VA’s Top Health Official Resigns Amid Scandal, Shinseki Announces (Updated)
Posted at 2:49 p.m. on May 16, 2014
Shinseki, who was on the Hill Thursday to testify about problems at the VA, announced Friday that a top official was resigning. (Bill Clark/CQ Roll Call)
Updated 4:05 p.m. | The chief health official at the Department of Veterans Affairs resigned Friday, amid an ongoing scandal about wait times and deaths within the VA health system.
“Today, I accepted the resignation of Dr. Robert Petzel, Under Secretary for Health in the Department of Veterans Affairs,” Secretary Eric Shinseki said in a statement. “As we know from the Veteran community, most Veterans are satisfied with the quality of their VA health care, but we must do more to improve timely access to that care.”
But one top congressional overseer called Shinseki’s announcement the “pinnacle of disingenuous political doublespeak.”
Petzel’s resignation came just a day after he accompanied Shinseki to the Hill to testify before the Senate Veterans’ Affairs Committee, with the two officials facing a barrage of questioning and skepticism about the departmental response to allegations about widespread deficiencies in the VA health system, including secret lists and deaths connected to a hospital facility in Phoenix.
“I am committed to strengthening Veterans’ trust and confidence in their VA healthcare system. I thank Dr. Petzel for his four decades of service to Veterans,” Shinseki said in his Friday statement.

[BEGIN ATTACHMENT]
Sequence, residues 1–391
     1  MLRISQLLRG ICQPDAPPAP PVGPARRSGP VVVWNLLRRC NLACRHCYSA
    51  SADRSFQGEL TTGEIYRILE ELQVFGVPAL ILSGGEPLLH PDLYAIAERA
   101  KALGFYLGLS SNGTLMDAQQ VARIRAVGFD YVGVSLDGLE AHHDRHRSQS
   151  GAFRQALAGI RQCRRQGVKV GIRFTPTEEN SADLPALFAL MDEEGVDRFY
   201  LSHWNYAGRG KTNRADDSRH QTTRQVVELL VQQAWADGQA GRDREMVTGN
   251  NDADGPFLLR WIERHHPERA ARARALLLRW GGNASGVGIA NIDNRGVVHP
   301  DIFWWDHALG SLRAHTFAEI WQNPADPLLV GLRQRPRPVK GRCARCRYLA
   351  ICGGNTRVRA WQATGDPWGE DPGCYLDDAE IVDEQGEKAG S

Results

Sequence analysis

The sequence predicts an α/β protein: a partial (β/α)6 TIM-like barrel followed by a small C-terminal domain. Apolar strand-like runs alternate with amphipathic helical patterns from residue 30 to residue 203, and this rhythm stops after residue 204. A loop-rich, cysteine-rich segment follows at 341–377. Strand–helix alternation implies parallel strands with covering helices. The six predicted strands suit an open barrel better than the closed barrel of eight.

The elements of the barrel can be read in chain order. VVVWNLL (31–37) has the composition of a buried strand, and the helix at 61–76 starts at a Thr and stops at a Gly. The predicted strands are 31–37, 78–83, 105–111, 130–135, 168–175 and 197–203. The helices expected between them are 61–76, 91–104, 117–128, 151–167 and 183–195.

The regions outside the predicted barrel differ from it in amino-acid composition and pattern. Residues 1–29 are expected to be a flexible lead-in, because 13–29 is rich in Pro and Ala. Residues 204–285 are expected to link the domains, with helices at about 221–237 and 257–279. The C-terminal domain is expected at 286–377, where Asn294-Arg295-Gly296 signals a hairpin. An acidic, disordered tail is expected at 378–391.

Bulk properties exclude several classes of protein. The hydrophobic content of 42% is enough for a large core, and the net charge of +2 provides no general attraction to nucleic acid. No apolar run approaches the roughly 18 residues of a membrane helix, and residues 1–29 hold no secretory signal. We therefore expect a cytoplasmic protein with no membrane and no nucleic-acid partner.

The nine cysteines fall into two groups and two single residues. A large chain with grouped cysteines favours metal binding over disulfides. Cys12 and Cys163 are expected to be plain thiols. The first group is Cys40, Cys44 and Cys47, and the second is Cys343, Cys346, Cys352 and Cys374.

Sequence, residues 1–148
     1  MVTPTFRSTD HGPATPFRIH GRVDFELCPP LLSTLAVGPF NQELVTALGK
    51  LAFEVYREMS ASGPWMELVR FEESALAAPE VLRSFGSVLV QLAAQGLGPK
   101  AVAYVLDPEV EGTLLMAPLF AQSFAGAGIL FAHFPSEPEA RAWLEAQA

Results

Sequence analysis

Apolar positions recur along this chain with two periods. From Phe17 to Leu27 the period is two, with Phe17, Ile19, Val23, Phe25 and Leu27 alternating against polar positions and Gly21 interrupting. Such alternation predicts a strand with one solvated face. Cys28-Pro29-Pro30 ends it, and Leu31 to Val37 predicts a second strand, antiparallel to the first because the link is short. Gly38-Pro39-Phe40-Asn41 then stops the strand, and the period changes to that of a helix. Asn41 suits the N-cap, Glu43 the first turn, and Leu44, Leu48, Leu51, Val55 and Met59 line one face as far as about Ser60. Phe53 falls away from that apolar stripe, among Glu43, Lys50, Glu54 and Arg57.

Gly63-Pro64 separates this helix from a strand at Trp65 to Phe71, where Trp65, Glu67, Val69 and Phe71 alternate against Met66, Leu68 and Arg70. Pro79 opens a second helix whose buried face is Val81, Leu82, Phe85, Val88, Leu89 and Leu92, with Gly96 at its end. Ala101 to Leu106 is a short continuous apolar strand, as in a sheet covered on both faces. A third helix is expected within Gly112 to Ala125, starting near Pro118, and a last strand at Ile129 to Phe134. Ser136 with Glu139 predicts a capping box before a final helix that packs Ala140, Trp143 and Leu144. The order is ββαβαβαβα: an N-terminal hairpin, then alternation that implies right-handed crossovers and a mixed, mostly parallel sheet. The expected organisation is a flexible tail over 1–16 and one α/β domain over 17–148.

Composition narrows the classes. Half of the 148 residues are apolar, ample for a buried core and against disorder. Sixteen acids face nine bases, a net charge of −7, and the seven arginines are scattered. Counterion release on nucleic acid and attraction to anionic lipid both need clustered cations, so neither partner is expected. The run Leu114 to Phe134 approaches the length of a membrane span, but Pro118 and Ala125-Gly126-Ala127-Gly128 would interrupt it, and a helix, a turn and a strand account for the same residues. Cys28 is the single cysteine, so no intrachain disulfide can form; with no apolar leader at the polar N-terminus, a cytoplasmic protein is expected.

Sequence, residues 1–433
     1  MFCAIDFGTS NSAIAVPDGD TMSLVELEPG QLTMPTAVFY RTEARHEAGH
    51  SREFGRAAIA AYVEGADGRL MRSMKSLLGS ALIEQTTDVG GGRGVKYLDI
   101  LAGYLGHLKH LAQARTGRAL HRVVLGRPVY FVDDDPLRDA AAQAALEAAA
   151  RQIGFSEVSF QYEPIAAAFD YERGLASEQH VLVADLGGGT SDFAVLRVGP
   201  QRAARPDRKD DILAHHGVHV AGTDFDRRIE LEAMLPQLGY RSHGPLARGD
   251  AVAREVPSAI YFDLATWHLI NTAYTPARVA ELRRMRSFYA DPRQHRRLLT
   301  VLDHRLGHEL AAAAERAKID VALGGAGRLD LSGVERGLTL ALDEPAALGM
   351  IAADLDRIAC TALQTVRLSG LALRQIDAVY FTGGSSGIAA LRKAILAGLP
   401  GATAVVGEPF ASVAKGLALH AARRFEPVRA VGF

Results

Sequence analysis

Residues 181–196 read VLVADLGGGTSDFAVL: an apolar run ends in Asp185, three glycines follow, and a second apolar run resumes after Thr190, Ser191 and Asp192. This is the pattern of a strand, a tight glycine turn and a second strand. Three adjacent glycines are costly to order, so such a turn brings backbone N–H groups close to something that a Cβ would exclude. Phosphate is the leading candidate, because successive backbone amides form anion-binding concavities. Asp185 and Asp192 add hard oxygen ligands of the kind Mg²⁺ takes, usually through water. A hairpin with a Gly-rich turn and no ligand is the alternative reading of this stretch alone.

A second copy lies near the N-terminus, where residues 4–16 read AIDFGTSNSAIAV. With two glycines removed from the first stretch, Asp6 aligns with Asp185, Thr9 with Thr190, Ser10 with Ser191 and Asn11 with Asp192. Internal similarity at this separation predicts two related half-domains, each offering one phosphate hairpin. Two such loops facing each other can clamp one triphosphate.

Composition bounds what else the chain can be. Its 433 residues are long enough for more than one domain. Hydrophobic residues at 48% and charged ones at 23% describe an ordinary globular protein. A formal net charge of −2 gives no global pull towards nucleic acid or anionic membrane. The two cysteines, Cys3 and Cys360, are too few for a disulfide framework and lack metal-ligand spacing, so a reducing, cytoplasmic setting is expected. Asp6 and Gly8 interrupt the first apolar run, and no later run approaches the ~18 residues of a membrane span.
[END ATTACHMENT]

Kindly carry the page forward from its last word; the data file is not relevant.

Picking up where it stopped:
House Veterans Affairs’ Chairman Jeff Miller dismissed Shinseki’s characterization of Petzel’s departure as a “resignation.”
“Today’s announcement from VA regarding Undersecretary for Health Robert Petzel’s ‘resignation’ is the pinnacle of disingenuous political doublespeak. Petzel was already scheduled to retire in 2014 and President Obama has already announced his intention to nominate Petzel’s replacement, so characterizing this as a ‘resignation’ just doesn’t pass the smell test,” the Florida Republican said in a statement.
“Desperate to get ahead of a delays in care crisis that is growing by the day, yet apparently unwilling to take substantive actions to hold any of its leaders accountable for negligence that harms veterans, VA has resorted to what it does best: splitting semantic hairs to create the illusion of accountability and progress,” Miller added. “After yesterday’s out-of-touch performance from Sec. Shinseki, I was disappointed. Today, I am even more disillusioned.”
Petzel had in fact already been on his way out of the VA health post. On May 1, the White House announced President Barack Obama planned to nominate Jeffrey A. Murawsky for the position. Murawsky has been the network director of the Veterans Integrated Service Network since 2009.
The White House has come under increasing, bipartisan pressure to take further steps to rectify the failings at the VA, but White House spokesman Jay Carney on Friday reasserted President Barack Obama’s support for Shinseki, who has pledged not to resign from his post unless the president tells him it is time to go.
Sen. Jerry Moran, R-Kan., is among the lawmakers who have already called for Shinseki himself to resign.
“News of Undersecretary Petzel’s resignation is not a surprise as he was expected to retire in the near future,” Moran said in a statement. “However, it is evidence of the dysfunction at the VA. It is important to note that Undersecretary Petzel was the only VA witness at the Senate VA Committee hearing who admitted knowledge of IG reports — he should not shoulder the blame for VA’s failures. Rather than the VA focusing on damage control, action should be taken immediately to change the bureaucratic culture of mediocrity at the VA and ensure the highest quality and most timely care for our nation’s heroes.”